It might be obvious to some that I fall into the category of someone who lives to eat, rather than vice versa. My surname was once misspelled as Gannet, which although faintly insulting, couldn’t have been more apt.
As a family, we love food and eating out. Having lived in Lisbon for many years now, I’m occasionally asked to recommend places to eat and drink. If it were up to my children, Mr Pizza would be ranking highly, but it isn’t, so what follows is my biased and entirely personal opinion.
If you’re after something reasonably-priced and authentic, try somewhere along the lines of Sinal Verde. It’s close to Bairro Alto, where you’ll also find a whole host of bars and restaurants. Sinal Vermelho, situated within Bairro Alto itself, is excellent; the staff are friendly and the food is great value for money. Also in Bairro Alto is As Salgadeiras. It’s slightly fancier and pricier, but atmospheric and offers a more polished take on typical Portuguese fare.
If you’re interested in taking traditional Portuguese cuisine up a notch – and paying accordingly – you could try any one of the restaurants owned by José Avillez. He has a range of different eateries, all varying in style and price, most of which offer a modern take on Portuguese cuisine. Bairro do Avillez is superb. The Taberna is cheaper and more casual; the Páteo is more expensive and sophisticated. Service is always excellent and it’s a wonderful place to go for a special occasion. I also like Cantinho do Avillez, which is different again and an opportunity to sample Portuguese petiscos (small sharing plates). The peixinhos da horta (green beans in a crisp batter, served with tartar sauce) are not to be missed! Belcanto is Michelin-starred and not cheap.
Another restaurant worth a visit is Pharmacia, which is in the same building as the Pharmacy Museum. It also offers sharing plates, meaning that you can sample lots of different flavours. Along similar lines, except cheaper and more homely, is Taberna da Esperança in Santos.
For perfect seafood, head to Ramiro. The tiger prawns grilled with garlic butter and the dressed crab are highlights here. This restaurant rose to international fame after Anthony Bourdain’s ‘No Reservations’ episode about Lisbon. Expect long queues (or arrive early), although the PAYG beer tap situated outside makes the wait a little less painful. For a slightly less polished, but no less delicious restaurant experience, try O Palácio in Alcântara. The joy of this place is that it’s a genuine favourite with the locals and you will be sure to encounter all walks of life. Be warned that several menu items in the majority of seafood restaurants are sold by the kilogram rather than per item, so you probably won’t know the precise cost of your crab, lobster or tiger prawn until you get the bill. Brace yourself!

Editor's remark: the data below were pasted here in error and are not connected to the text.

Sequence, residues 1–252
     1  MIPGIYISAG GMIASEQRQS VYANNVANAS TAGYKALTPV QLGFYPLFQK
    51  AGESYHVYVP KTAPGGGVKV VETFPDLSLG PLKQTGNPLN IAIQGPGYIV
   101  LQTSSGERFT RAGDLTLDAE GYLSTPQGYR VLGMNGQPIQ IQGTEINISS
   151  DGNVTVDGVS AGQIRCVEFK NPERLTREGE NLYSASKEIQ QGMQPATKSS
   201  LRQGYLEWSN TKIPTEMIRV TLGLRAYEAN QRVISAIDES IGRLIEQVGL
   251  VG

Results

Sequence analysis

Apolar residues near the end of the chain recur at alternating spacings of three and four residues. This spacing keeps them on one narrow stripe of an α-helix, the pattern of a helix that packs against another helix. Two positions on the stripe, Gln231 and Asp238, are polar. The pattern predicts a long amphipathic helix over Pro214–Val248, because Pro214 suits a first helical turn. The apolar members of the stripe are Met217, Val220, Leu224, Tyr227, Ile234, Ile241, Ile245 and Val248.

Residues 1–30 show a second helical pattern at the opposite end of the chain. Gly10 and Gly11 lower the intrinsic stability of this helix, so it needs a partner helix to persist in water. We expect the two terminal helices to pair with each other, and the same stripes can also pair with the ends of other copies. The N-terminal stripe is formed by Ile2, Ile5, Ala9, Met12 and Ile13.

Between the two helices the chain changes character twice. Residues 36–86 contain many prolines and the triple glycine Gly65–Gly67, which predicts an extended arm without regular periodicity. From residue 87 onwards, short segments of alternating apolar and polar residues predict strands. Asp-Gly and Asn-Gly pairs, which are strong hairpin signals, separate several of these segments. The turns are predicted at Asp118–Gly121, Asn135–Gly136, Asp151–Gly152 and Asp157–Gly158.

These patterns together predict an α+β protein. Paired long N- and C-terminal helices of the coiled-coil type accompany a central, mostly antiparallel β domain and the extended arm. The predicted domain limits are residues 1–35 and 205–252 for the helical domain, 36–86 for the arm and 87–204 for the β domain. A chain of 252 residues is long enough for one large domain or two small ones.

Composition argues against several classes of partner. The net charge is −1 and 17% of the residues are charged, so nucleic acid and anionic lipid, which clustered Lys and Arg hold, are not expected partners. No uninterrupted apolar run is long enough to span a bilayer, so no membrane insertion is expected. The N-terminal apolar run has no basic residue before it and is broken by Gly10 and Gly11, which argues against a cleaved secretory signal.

Brassiere L’Entrecote in Chiado is a continental-style restaurant, which pretty much only serves one dish, but does it very well – steak (in a top-secret recipe sauce), fries and salad. It has a lovely atmosphere. For a similar vibe, but with more choice, Versailles on Avenida da República is an option. It’s frequented by Lisboetas stopping by for lunch or a snack throughout the day and is unashamedly reminiscent of a bygone era.
For lunch, dinner, sweet and savoury treats and wine, one of the gourmet markets is a good choice: Ribeira (Time Out) market is big, with unlimited choice but best avoided at peak times, as despite its size, it still gets very busy. My favourite kiosks here are Cozinha da Felicidade (run by the same chef that owns Pharmacia) and Alexandre Silva. A bit (but not very) off the beaten track is the Campo de Ourique market, which is smaller and less shed-like, more atmospheric and popular with locals. There’s an array of classic Portuguese food options (seafood, cured ham and cheese platters, traditional main courses, steak), as well as sushi, among other things, here.
Somewhere nice for a drink (just the one maybe, it’s not cheap) is the rooftop bar of Hotel Chiado. From here you get to take in views of the city (the castle and the cathedral for example) and it’s never that busy either. I’d advise against coffee stops in any of the more obvious bars and cafés in Rossio or Largo de Camões. The staff tend to be surly and inefficient and the prices are higher than they should be. There are lots of quaint coffee kiosks dotted around, particularly on Avenida da Liberdade and near the look-out points (Graça, São Pedro de Alcântara, to name a few). If you’re flagging, revive yourself in Rossio with a cherry liqueur at ‘Ginjinha Sem Rival‘ or ‘A Ginjinha’.
And finally, it would be criminal to visit Lisbon without sampling pasteis de nata. Pasteis de Belém are divine, but if you can’t face the tram ride, Fábrica da Nata in Restauradores offers an excellent alternative and the opportunity to sample these custardy delights with a cheeky glass of Port.